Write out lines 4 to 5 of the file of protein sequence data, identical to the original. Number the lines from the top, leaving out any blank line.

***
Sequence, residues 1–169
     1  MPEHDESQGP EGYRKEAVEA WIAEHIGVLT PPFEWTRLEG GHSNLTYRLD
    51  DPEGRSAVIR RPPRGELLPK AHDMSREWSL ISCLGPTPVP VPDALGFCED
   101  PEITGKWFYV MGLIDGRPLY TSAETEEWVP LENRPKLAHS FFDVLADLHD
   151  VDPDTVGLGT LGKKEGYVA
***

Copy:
   101  PEITGKWFYV MGLIDGRPLY TSAETEEWVP LENRPKLAHS FFDVLADLHD
   151  VDPDTVGLGT LGKKEGYVA